Constance Phillips is one of my favorite people and she’s back today to chat with us some more about writing and her historical/paranormal romance, Resurrecting Harry. This was one of my favorite books I read so far this year and I had a few more questions for Constance, her writing process and, of course, her book.
About Constance Phillips
Constance Phillips lives in Ohio with her husband, two ready-to-leave-the-nest children, and four canine kids. Her perfect fantasy vacation would involve hunting Dracula across Europe with her daughter, who also digs that kind of stuff. When she’s not writing about fairies, shifters, vamps, and guardian angels, she’s working side-by-side with her husband in their hardwood flooring business.
Constance is actively involved in her local Romance Writers of America chapter (MVRWA) and the Southeast Michigan chapter of the United States Pony Club. When not writing or enjoying the outdoors, she loves reality television or can be found at a Rick Springfield concert (just look for the pink Converse high tops).
For more on Constance and Resurrecting Harry read on!
About Resurrecting Harry
Can the greatest escape artist ever known break the grim reaper’s chains to save the only woman he’s ever loved?
In order to save Bess from self-destruction, Harry Houdini puts his afterlife on the line by entering a wager with purgatory’s keeper. He gives Harry a younger face and body, and a new name: Erich Welch.
Bess clings to his promise to deliver a coded message from beyond the grave, determined to provide the bridge for him to cross, even if that means befriending her husband’s sworn enemy.
Erich needs to help Bess over her loss and put her on the road to healing, but will any good come from resurrecting Harry?
Will Erich be able to help Bess recover from her loss and will any good come from resurrecting Harry?
Now let’s shine the spotlight on Constance!
Maer: Thanks for coming back to the blog, Constance. It’s always a pleasure to chat with you. What drew you to become a writer?
Constance: I can’t pinpoint any one thing. Creating stories is something that I’ve always done. I remember a creative writing project for a Jr. High English class that sparked the idea that I could write my stories down, make my own books. And so it began…
Maer: Do you use beta readers and if so what qualities do you look for in a beta?
Constance: I have a critique partner who is vital to me. We met through my RWA chapter. Even though we write different romantic genres, she is that second set of eyes that sees the things that I’m too close to see. She is also someone who can help me brainstorm my way out of those corners we can write ourselves into.
I do also have a few beta-readers. Those individuals are friends who are avid readers – not writers and I look for their feedback on that reader level as opposed to the fellow writer view point that I get from my critique partner.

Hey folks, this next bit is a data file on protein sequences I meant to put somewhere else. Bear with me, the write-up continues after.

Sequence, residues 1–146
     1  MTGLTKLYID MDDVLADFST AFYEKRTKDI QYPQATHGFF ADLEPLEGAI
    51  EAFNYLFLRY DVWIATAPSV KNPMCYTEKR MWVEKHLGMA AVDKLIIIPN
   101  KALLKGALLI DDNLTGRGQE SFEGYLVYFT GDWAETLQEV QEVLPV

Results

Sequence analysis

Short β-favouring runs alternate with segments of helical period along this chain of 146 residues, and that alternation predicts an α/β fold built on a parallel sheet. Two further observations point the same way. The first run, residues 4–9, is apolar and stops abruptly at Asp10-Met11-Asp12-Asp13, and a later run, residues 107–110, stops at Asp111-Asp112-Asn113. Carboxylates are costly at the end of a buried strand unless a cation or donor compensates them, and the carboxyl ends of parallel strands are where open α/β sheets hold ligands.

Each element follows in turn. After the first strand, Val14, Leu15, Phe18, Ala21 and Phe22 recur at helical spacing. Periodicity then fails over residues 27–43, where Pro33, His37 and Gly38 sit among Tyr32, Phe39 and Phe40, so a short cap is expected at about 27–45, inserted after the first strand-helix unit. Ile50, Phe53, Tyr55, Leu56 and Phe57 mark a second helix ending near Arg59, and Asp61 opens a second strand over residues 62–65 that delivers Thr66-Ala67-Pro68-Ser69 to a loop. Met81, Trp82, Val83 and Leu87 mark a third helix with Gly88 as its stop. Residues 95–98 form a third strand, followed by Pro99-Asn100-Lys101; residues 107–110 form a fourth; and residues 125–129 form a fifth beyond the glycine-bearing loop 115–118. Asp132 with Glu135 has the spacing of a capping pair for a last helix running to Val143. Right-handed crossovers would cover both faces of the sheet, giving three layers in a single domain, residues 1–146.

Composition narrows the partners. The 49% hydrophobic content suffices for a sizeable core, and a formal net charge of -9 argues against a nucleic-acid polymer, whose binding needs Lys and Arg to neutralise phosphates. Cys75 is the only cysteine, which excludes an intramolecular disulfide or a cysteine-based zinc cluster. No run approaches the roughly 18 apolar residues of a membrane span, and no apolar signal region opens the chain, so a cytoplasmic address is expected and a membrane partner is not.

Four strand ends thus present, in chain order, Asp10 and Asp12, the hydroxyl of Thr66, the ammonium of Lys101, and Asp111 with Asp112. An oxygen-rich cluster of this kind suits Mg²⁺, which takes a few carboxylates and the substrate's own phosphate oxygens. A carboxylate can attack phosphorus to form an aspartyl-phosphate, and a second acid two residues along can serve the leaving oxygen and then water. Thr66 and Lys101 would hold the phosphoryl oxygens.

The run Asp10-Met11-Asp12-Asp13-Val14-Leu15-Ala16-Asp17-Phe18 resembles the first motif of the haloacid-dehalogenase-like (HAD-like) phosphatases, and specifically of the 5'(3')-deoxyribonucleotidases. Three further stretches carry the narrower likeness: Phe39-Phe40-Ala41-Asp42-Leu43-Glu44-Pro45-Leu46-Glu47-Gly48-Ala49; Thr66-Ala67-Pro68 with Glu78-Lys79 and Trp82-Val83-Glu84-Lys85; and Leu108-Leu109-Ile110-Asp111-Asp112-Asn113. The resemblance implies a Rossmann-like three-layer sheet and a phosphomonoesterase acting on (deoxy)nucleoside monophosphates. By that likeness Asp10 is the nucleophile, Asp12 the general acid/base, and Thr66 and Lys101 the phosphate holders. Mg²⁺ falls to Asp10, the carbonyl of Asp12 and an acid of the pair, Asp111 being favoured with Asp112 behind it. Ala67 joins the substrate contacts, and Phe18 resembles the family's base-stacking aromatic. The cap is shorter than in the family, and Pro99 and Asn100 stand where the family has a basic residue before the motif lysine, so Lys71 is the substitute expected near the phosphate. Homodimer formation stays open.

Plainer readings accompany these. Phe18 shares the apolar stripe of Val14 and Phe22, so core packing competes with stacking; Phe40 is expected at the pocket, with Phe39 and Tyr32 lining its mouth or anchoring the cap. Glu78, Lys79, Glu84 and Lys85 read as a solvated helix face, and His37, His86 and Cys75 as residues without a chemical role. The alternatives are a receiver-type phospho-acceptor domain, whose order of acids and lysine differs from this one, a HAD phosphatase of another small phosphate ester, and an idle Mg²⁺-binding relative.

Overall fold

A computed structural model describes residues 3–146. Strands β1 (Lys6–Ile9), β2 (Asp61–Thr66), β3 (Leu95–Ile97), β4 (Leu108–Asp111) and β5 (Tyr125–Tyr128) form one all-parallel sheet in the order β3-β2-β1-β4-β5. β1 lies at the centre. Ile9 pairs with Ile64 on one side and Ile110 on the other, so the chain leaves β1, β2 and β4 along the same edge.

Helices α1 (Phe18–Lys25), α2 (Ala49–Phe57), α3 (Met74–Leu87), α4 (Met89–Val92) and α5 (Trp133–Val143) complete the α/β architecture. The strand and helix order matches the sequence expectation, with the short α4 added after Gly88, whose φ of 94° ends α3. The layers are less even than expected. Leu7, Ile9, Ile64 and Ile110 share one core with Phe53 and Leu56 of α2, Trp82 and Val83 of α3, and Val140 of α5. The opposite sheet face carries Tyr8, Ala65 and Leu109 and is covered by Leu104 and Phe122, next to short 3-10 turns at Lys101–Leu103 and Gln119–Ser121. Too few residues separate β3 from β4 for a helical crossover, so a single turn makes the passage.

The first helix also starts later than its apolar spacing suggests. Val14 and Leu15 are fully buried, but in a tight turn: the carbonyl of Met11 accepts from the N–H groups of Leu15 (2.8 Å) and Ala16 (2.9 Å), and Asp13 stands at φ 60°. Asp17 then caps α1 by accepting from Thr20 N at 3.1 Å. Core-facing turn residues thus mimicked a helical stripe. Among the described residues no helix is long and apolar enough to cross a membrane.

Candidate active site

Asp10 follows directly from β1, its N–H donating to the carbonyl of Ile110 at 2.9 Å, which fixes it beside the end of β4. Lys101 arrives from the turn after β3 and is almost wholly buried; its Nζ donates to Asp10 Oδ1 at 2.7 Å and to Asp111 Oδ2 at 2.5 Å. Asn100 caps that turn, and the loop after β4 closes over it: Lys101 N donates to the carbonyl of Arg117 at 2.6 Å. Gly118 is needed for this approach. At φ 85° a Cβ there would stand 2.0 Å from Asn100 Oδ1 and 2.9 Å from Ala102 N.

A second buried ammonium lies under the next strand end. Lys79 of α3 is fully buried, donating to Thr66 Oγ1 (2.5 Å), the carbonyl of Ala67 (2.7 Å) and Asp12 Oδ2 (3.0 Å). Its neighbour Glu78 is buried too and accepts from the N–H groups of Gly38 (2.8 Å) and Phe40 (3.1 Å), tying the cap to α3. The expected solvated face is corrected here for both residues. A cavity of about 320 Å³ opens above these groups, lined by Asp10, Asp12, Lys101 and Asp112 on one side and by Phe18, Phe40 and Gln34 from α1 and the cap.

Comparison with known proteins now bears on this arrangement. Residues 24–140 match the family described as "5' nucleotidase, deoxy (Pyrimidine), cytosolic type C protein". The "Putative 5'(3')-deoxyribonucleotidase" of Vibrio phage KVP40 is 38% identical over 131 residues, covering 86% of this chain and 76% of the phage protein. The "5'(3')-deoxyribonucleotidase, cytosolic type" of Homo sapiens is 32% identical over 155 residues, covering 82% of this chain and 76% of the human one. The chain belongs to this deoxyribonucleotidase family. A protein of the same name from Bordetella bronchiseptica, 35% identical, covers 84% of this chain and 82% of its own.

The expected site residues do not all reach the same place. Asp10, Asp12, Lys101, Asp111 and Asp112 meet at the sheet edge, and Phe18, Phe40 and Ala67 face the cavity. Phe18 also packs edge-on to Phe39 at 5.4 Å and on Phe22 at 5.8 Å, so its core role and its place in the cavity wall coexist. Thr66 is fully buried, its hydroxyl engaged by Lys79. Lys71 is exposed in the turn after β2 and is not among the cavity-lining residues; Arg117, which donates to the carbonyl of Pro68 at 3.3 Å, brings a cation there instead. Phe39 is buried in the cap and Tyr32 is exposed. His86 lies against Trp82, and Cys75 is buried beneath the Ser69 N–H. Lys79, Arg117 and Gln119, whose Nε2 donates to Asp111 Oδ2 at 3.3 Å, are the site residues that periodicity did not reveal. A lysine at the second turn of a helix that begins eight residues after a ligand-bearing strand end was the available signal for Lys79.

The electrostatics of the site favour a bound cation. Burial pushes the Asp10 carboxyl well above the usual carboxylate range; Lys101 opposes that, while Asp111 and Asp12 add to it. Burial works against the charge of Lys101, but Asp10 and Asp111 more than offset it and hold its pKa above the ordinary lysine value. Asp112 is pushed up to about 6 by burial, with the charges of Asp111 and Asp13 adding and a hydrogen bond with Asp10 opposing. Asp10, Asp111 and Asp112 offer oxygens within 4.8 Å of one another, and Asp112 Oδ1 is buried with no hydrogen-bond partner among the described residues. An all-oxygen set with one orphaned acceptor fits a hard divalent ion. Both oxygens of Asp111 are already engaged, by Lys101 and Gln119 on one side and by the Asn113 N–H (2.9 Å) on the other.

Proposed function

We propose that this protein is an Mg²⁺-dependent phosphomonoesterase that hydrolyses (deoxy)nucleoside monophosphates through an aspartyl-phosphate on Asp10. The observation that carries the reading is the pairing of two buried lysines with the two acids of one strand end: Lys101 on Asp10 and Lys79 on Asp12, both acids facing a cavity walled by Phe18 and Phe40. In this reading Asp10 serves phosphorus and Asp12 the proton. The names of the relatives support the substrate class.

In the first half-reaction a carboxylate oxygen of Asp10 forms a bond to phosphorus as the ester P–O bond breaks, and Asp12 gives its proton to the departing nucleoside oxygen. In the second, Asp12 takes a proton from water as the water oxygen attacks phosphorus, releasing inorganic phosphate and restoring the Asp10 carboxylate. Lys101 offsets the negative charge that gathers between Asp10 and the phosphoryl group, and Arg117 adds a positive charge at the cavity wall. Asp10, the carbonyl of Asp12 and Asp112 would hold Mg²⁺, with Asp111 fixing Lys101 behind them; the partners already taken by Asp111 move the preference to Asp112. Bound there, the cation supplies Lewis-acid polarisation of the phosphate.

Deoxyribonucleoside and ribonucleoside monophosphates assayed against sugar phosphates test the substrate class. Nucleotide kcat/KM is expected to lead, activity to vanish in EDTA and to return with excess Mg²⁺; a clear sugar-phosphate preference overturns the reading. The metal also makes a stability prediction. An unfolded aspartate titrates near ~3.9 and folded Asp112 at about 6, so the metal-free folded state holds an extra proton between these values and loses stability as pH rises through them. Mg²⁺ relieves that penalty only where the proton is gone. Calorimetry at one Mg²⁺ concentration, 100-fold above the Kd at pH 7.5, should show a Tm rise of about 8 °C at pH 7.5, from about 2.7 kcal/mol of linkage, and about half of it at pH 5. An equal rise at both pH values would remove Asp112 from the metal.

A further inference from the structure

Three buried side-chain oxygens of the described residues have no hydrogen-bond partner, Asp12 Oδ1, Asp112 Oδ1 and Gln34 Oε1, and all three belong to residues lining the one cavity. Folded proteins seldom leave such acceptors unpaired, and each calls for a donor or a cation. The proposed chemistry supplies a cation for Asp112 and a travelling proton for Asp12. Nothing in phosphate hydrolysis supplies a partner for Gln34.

Maer: I agree with you on that. Most of my own beta readers are not writers. What do you find is the most challenging part of the writing process for you?
Constance: Absolutely, no question, it is the submission process. I’m not a patient person, and that time from when I send something to a potential editor or agent until I get word back is torturous.
Maer: I think that probably holds true for most writers. What is your favorite thing about your main characters?
Constance: I consider Resurrecting Harry to have dual main characters. For Erich, it would be his tenacity. No matter what obstacle I (as the writer) threw at him, he refused to give up on his goal.
For Bess, it would be her dedication. She was unwavering in her need to be true to her husband’s memory and honor his legacy.
Maer: Who is your favorite character other than Bess and Erich to write and why?
Constance: Without a doubt, Jaden. He’s a catalyst to the story: purgatory’s keeper, maybe even a puppet master of sorts, but he’s so cynical of romantic love in the beginning. I actually have a follow up plotted (that I hope to write) that would explain how Jaden became so cynical and give him a second chance at love too.
Joseph was a close second.
Maer: When you’re writing, do you aim for a set amount of words/pages per day?
Constance: I have an ideal of devoting three to four hours. When I’m in a groove I can write 1200 words an hour, so a great day for me would be between four and five thousand words. But, they are not all great days, are they?
As long as I write every day, I consider it a win.
Maer: Indeed, that is a win! How long on average does it take you to write a book?
Constance: For a single-title length like Fairyproof and Resurrecting Harry it’s been an average of six to eight months.
Maer: Do you have a favorite line or scene from your book and if so can you share it?
Leaning back on his heel, he [Joseph] slipped his hands into his pockets. “My grandmother used to say there were two kinds of lovers. The ones who spent a single lifetime together — joined because of proximity and physical desire. Then there were the older souls — the ones that couldn’t be denied. The fates could separate them on different corners of the planet, and they’d move Heaven and earth to be one again.”
In my mind, that observation, told through Joseph’s eyes, sums up the theme of Resurrecting Harry.
Maer: Who is your dream cast to play your characters in the movie version?
Constance: Funny you should ask this. We had a game/giveaway on my Facebook author page where I asked people to cast the movie, and then later gave my dream cast. Here were my answers:
Bradley Cooper as Erich / Harry
Maggie Gyllenhaal as Bess
Robert Downey Jr. at Martin
Meryl Streep as Gail
Maer: Great cast! That would be one awesome movie. Constance, once again, thanks for stopping by and giving such a delightful interview!
You can stay updated with Constance at the following links: